The year 2020 will be much talked about in the history books. And it will stand out in the memory of all of those who lived through it. The year of the worldwide health emergency – the year of the so-called Covid-19 or Coronavirus – is the year that revolutionized the way the entire world functions. It is the year we were forced to stay locked in our homes, to go out only in case of necessity, that took some of our loved ones from us or distanced us from them, and that pushed our healthcare systems, the economy, our jobs and relationships to the limit.
In motivational speeches, it is usual to talk about the concept represented by the Japanese ideogram, the Wēijī. Even some people considers it a fallacy, the thought of Wēijī is perfectly suited to the above-mentioned historical period that we could end up "in crisis" and from which we could still take "opportunities". Let's see together if even in the case of the Coronavirus it is possible to seize an opportunity, a moment of growth and collective improvement.
Digital Solidarity: When Technology Helps Us Live Better in the Days of the Coronavirus
The Coronavirus has brought back the potential of technological and digital innovation. In these days of the pandemic, new technologies have been providential in helping to deal with this difficult situation and in cushioning the psychological impact of isolation that the Covid-19 would have had on all those people who were used to living with a different lifestyle and relationships before the lockdown. Here are some examples:
The importance of artificial intelligence : the improperly called Artificial Intelligence, i.e. the computerized handling of big data, has proved to be an additional weapon in the research and constant fight against the coronavirus. Every day research centres around the world use it to work toward a possible vaccine against the disease by making notable contributions, as was reported in an article by Toward Data Science.
The reduction of distances : Covid-19 has forced many families, loved ones, and people to remain physically distant in order to safeguard each other from this virus and, above all, to keep everyone safe from an at-times fatal contagion. The new media have helped to break down interpersonal space by bringing people together via video calls, helping many people feel less lonely during the lockdown period.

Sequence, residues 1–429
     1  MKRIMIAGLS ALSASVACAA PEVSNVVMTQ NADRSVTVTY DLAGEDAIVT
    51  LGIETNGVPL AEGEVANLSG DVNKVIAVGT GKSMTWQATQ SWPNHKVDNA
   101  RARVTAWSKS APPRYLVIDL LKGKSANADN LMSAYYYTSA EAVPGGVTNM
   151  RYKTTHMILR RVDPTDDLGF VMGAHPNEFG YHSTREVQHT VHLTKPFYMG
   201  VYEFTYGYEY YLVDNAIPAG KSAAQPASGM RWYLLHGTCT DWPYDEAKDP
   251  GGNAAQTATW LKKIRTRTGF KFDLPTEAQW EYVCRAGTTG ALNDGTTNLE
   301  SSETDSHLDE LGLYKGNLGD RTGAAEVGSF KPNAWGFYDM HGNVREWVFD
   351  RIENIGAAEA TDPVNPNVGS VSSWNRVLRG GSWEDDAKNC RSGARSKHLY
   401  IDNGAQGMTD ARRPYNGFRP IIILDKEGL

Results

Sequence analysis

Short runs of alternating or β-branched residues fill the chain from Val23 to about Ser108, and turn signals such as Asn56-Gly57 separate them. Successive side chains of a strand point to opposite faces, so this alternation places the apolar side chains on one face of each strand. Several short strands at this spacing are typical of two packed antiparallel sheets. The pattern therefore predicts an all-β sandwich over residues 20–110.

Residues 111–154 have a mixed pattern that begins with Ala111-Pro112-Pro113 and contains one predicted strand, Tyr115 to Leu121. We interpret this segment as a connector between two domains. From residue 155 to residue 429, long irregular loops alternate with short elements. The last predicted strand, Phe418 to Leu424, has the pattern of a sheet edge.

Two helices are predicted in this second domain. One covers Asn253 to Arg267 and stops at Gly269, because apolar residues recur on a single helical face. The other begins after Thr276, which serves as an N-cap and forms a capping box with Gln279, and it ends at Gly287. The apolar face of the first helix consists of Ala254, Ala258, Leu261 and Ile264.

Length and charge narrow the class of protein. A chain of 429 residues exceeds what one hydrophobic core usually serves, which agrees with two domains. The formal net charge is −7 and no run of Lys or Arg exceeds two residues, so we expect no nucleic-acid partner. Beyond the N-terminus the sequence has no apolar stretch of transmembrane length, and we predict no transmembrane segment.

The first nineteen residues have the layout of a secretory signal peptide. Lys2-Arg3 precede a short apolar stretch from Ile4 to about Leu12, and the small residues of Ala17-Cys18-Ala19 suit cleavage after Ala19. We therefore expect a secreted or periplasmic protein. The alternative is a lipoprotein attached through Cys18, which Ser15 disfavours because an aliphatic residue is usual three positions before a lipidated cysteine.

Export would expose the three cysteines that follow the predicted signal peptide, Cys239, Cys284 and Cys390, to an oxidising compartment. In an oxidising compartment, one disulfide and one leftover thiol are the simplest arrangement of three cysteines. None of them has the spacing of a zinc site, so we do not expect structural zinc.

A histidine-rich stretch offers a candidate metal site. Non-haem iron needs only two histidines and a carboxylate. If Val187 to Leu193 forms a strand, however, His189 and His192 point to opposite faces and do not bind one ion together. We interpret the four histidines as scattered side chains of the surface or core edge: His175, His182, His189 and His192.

The revenge of smart working : as stated in a recent article in the Italian economic newspaper Il Sole 24 ore: "For the first time, with the Covid-19 emergency smart working has suddenly become a necessity and a priority to protect people's health, work, and services. From today to tomorrow, companies and public administrations have been asked to make this transformation, when, just a few weeks earlier, agile work was part of a broader process of digitization of work that was proceeding at a slower pace." The concept of telework has been part of the culture and vocabulary of international companies for more than four years now. Nevertheless, it has been little considered or applied by companies in recent years – up until today. In an interesting article, the Level OfficeLandscape analyzes the percentage numbers of companies in a country with a difficult working situation like Italy. It’s a bit disappointing if we take into account the statistics published in 2017 by Great Place To Work , which shows Italy among the slowest in Europe compared to other European cities or the U.S. with a trend of over 37% and growing in the last three years. What are the reasons against smart working? Ignorance? Poor organization? Control mania? Fear? Whatever the answer, at a certain point, with the advent of the Coronavirus, the institute of smart working – better defined as telework – has been the lifeline for many companies and many workers who have managed to stay afloat in an unstable economic market in crisis and at the same time not lose their jobs.